I am a scholar in the interdisciplinary field of media, communication, and information sciences with a strong background in the social sciences, and specifically media sociology. Borrowing from a variety of methodological traditions and theories, I investigate the interactions between technology and society. My strongest interest lies in digital inequality research with a focus on vulnerable groups and social justice. Across a number of projects, I investigate why certain people and societal groups are not using digital media, or are using it marginally, and how this affects their personal relationships, participation in society, educational or professional opportunities, and other realms of their everyday lives. My ultimate aim is to improve the status quo by formulating feasible and attainable policy recommendations and community solutions that can help to bridge and overcome digital divides and digital inequalities.


In my most recent research projects, I focus on specific populations and areas affected by digital divides and digital inequalities. At the Quello Center, I examine digital divides in some of the hardest-hit neighborhoods in Detroit and what keeps them offline. The project uses a mixed methodology that applies surveys, focus groups, and in-depth interviews. Whereas I am the lead investigator for the quantitative section and therefore responsible for questionnaire design and liaising the with survey unit that collects the data, I am also involved in the qualitative data collection and analysis.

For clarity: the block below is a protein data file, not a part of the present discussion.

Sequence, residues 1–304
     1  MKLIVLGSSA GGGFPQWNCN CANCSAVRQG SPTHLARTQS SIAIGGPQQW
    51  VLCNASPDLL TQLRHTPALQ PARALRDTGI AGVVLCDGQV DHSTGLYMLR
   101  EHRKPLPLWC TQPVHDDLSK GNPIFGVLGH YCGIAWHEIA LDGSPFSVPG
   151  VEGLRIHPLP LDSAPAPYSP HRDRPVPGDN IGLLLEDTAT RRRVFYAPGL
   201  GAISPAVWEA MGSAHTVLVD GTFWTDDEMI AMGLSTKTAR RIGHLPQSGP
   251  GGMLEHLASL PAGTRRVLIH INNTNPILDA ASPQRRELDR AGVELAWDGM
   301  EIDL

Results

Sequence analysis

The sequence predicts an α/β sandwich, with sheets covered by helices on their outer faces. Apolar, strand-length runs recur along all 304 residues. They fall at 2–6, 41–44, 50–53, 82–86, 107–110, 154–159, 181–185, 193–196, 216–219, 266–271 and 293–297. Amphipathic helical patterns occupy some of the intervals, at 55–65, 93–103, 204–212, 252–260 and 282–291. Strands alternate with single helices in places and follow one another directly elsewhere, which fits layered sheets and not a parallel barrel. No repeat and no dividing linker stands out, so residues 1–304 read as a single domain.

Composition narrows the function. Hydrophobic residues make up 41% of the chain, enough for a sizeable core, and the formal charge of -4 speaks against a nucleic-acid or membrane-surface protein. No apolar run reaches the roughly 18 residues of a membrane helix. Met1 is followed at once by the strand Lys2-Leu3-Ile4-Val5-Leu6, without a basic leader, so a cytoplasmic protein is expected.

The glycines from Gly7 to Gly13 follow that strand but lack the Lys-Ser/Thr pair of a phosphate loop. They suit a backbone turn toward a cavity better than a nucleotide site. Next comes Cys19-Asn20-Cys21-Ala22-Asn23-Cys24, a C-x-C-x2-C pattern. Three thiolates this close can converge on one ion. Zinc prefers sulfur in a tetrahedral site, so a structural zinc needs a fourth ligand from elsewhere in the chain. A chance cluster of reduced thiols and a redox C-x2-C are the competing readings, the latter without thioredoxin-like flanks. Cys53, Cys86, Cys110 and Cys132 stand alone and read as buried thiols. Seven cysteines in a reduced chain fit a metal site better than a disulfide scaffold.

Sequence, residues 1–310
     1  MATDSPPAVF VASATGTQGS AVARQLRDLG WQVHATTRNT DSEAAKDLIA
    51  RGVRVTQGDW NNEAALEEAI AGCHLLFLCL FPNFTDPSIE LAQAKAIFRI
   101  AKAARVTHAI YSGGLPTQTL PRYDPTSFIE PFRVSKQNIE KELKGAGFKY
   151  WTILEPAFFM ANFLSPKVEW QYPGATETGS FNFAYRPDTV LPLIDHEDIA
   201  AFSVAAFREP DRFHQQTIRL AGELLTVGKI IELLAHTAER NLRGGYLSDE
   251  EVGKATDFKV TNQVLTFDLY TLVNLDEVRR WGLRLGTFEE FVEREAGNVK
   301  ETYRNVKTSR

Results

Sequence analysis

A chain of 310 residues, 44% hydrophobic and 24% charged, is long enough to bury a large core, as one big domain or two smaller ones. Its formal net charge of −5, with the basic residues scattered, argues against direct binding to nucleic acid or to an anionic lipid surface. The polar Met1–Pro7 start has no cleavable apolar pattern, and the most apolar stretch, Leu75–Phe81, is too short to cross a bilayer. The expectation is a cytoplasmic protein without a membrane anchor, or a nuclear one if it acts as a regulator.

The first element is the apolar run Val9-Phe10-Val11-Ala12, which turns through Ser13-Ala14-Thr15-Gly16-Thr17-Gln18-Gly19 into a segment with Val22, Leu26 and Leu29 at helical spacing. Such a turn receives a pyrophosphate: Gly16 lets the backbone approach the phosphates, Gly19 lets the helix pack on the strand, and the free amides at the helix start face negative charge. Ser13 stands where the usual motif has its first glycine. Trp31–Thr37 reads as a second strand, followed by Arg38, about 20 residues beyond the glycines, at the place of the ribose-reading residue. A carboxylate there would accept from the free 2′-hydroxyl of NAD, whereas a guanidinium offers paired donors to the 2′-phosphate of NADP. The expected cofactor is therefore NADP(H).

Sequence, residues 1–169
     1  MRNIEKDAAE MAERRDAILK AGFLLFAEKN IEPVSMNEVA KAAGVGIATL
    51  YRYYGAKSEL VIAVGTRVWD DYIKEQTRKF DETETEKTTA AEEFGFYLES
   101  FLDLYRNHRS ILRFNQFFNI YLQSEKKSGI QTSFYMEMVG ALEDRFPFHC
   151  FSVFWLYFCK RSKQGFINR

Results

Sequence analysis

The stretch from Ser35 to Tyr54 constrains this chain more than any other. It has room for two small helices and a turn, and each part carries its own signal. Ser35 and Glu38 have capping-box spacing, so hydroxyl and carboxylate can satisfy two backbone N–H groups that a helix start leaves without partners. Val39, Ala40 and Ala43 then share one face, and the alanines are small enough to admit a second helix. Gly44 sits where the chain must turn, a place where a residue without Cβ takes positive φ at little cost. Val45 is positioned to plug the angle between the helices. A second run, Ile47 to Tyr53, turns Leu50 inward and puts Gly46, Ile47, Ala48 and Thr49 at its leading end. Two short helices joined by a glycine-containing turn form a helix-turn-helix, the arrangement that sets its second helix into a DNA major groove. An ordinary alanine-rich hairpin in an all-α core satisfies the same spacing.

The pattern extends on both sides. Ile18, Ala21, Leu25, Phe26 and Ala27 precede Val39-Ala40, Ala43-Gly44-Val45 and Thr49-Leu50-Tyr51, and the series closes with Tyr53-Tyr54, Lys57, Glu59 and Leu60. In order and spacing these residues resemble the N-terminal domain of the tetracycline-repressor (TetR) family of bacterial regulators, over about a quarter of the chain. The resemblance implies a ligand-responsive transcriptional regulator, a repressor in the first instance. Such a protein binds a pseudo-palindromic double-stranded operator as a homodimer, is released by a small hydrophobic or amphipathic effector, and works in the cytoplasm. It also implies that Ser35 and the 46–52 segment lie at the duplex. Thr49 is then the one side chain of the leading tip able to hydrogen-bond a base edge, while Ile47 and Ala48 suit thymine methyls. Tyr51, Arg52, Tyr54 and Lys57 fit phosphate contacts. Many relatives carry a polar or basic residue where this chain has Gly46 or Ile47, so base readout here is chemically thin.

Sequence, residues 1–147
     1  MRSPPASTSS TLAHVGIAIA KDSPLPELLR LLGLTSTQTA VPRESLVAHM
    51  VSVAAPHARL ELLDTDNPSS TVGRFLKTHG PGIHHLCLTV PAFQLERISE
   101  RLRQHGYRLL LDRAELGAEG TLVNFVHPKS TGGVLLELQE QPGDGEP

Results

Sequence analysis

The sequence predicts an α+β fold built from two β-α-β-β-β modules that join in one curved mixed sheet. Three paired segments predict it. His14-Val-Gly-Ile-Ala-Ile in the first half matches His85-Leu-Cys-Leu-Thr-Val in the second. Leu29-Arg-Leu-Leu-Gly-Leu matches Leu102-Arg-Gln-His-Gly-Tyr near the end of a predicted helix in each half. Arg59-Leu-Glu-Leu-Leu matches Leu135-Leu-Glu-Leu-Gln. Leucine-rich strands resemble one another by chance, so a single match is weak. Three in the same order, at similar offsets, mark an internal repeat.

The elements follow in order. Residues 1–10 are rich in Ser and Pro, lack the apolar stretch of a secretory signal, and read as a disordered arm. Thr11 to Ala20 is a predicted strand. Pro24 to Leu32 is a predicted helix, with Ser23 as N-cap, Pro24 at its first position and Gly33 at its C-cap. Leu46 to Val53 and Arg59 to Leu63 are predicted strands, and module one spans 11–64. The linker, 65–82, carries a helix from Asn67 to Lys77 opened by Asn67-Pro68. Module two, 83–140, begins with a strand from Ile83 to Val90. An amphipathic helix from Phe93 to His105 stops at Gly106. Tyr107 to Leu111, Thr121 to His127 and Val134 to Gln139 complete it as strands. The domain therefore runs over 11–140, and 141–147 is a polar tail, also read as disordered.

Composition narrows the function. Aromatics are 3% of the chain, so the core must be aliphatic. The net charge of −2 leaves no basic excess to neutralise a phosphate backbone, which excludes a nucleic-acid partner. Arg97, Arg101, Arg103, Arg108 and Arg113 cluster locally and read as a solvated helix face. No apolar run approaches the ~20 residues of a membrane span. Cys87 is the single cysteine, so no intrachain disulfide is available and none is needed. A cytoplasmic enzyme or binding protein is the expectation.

In the Quello "Search" project, funded by Google UK, we investigate how search engines and other online and offline media affect political opinion formation. Using a large quantitative survey design, we collected online questionnaires from over 14,000 respondents across the US, Britain, France, Germany, Italy, Poland, and Spain. As the Co-Principal for this project, I was heavily involved in the questionnaire design, data cleaning and analysis, composing a detailed research report, as well as presenting our findings at a variety of venues. The comprehensive report shows that previous research tends to overestimate the extent to which media consumers are stuck in filter bubbles and echo chambers. We are currently analyzing the vast dataset in more detail to address questions such as how digital skills affect media consumption and trust in media platforms as well as how digital skills affect which media are most prominently used to find political information.

I am also currently developing a project on internet access (or the lack thereof) in prisons and how parolees cope with reentering a speed-of-light society that is highly dependent on digital technologies. Following a scoping study that I conducted with Professor Yvonne Jewkes in the United Kingdom, I am developing two studies that investigate how ICTs (could) feature in the prisoner reentry process and therefore affect reentry outcomes positively. Together with colleagues from the School of Social Justice and the School of Criminal Justice at Michigan State University, we are designing a qualitative study that examines if and how parolees currently use ICTs in the reentry process. We received seed funding to conduct focus groups and interviews with parolees, parole officers, and other entities involved in the reentry process in the state of Michigan. In a second project proposal, we design an ICT-intervention that addresses various realms and needs of parolee populations and teaches them the digital skills necessary to negotiate the reentry process. We are in the process of revising an NSF proposal that will be submitted in the next funding cycle in August 2018.

Bianca C. Reisdorf, D.Phil.

Department of Communication Studies

UNC Charlotte

© 2016 by Bianca Reisdorf.

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